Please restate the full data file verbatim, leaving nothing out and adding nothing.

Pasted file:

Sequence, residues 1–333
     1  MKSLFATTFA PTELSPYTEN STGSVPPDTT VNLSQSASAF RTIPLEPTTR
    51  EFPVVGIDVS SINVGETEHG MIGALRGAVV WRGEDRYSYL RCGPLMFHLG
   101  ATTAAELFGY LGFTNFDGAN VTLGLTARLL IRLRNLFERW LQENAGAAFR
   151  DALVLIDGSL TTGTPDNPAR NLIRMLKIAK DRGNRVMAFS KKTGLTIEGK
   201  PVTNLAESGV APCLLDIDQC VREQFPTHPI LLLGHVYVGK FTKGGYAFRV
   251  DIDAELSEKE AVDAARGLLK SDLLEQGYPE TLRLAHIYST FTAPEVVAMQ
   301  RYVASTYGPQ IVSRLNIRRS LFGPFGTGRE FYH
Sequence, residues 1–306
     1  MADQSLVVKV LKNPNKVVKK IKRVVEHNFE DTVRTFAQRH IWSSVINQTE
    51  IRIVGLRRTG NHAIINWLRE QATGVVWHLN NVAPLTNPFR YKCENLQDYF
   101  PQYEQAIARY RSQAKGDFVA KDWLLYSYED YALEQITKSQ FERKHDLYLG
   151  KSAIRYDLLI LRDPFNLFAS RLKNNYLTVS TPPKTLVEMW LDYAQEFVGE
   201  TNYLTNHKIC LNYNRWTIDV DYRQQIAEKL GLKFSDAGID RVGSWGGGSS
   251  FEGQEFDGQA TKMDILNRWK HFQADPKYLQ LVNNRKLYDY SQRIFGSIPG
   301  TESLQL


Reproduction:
Sequence, residues 1–333
     1  MKSLFATTFA PTELSPYTEN STGSVPPDTT VNLSQSASAF RTIPLEPTTR
    51  EFPVVGIDVS SINVGETEHG MIGALRGAVV WRGEDRYSYL RCGPLMFHLG
   101  ATTAAELFGY LGFTNFDGAN VTLGLTARLL IRLRNLFERW LQENAGAAFR
   151  DALVLIDGSL TTGTPDNPAR NLIRMLKIAK DRGNRVMAFS KKTGLTIEGK
   201  PVTNLAESGV APCLLDIDQC VREQFPTHPI LLLGHVYVGK FTKGGYAFRV
   251  DIDAELSEKE AVDAARGLLK SDLLEQGYPE TLRLAHIYST FTAPEVVAMQ
   301  RYVASTYGPQ IVSRLNIRRS LFGPFGTGRE FYH
Sequence, residues 1–306
     1  MADQSLVVKV LKNPNKVVKK IKRVVEHNFE DTVRTFAQRH IWSSVINQTE
    51  IRIVGLRRTG NHAIINWLRE QATGVVWHLN NVAPLTNPFR YKCENLQDYF
   101  PQYEQAIARY RSQAKGDFVA KDWLLYSYED YALEQITKSQ FERKHDLYLG
   151  KSAIRYDLLI LRDPFNLFAS RLKNNYLTVS TPPKTLVEMW LDYAQEFVGE
   201  TNYLTNHKIC LNYNRWTIDV DYRQQIAEKL GLKFSDAGID RVGSWGGGSS
   251  FEGQEFDGQA TKMDILNRWK HFQADPKYLQ LVNNRKLYDY SQRIFGSIPG
   301  TESLQL